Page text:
Do I have grounds to ask for me in compensation

UPDATED: Oct 1, 2022

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Do I have grounds to ask for me in compensation

I was hired on as a server and I was asked to help train the old employees and new on the company standards, however I have not served once but I have worked as a salary employee and I am asked to train new employees daily on the cooperate standards making minimum wage while they earn more than I am. What grounds do I have to ask for compensation? It’s been over a month and my schedule has been cut back on hours and the new employees have the hours I used to work. We were understaffed when I was hired and now we are over staffed.

Asked on August 18, 2018 under Employment Labor Law, California


M.D., Member, California and New York Bar / FreeAdvice Contributing Attorney

Answered 4 years ago | Contributor

Actually you don't unless the terms of an employment contract or union agreement provides otherwise. As an "at will" worker, your employer can set the conditions of the workplace much as it sees fit, absent some form of legally actionable discrimination (i.e. you can't be paid less due to your race, religion, gender, nationality, disability, age (over 40), etc.). Accordingly, you can be made to work at any position that you are scheduled for so long as you are paid at least minimum wage and, as an hourly worker (i.e. non-exempt), OT for any hours that you work over 40 in a week.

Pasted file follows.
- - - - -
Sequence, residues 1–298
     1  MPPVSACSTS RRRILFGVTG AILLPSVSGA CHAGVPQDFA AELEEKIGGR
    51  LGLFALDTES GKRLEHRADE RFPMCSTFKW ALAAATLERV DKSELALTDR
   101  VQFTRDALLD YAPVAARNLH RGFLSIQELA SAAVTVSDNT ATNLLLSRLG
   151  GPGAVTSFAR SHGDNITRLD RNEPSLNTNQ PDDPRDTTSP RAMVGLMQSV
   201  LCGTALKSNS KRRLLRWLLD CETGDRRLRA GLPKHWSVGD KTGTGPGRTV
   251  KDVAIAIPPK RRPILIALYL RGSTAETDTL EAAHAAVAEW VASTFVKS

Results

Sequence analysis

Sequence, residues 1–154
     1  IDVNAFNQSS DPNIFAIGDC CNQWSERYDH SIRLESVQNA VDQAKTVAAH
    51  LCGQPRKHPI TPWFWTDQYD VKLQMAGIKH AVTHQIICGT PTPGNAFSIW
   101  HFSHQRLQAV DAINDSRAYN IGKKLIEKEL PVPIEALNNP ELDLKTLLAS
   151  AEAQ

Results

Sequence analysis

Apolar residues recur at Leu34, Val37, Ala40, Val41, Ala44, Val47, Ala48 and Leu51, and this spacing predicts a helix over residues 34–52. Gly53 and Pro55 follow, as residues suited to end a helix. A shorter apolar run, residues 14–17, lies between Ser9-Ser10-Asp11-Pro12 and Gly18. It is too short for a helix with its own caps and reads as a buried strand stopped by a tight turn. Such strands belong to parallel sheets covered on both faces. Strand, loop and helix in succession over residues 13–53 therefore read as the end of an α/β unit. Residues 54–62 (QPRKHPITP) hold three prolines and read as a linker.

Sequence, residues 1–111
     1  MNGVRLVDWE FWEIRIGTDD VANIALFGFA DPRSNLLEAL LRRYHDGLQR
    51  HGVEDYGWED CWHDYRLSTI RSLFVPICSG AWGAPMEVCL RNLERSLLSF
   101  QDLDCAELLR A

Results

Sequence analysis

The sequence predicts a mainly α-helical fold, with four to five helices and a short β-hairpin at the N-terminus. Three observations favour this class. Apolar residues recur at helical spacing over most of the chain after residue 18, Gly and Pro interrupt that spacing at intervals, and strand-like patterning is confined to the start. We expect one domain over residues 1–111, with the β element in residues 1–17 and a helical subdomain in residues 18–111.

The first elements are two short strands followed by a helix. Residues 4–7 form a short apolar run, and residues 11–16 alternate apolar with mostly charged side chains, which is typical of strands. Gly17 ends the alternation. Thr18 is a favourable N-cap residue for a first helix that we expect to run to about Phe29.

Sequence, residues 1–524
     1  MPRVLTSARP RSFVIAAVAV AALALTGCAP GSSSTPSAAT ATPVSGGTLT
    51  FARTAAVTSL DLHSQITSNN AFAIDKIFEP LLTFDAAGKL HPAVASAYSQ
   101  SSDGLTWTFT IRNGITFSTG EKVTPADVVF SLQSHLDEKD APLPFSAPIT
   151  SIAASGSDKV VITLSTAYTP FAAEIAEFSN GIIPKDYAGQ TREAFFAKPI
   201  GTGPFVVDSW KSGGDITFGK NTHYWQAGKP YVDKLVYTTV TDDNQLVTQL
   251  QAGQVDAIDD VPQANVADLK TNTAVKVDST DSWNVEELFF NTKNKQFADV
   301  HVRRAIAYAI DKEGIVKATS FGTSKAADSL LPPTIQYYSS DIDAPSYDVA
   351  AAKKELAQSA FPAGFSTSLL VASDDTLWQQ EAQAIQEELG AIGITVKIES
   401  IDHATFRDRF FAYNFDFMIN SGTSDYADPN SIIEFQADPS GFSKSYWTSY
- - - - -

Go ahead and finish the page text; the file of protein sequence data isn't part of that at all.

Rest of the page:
IMPORTANT NOTICE: The Answer(s) provided above are for general information only. The attorney providing the answer was not serving as the attorney for the person submitting the question or in any attorney-client relationship with such person. Laws may vary from state to state, and sometimes change. Tiny variations in the facts, or a fact not set forth in a question, often can change a legal outcome or an attorney's conclusion. Although has verified the attorney was admitted to practice law in at least one jurisdiction, he or she may not be authorized to practice law in the jurisdiction referred to in the question, nor is he or she necessarily experienced in the area of the law involved. Unlike the information in the Answer(s) above, upon which you should NOT rely, for personal advice you can rely upon we suggest you retain an attorney to represent you.

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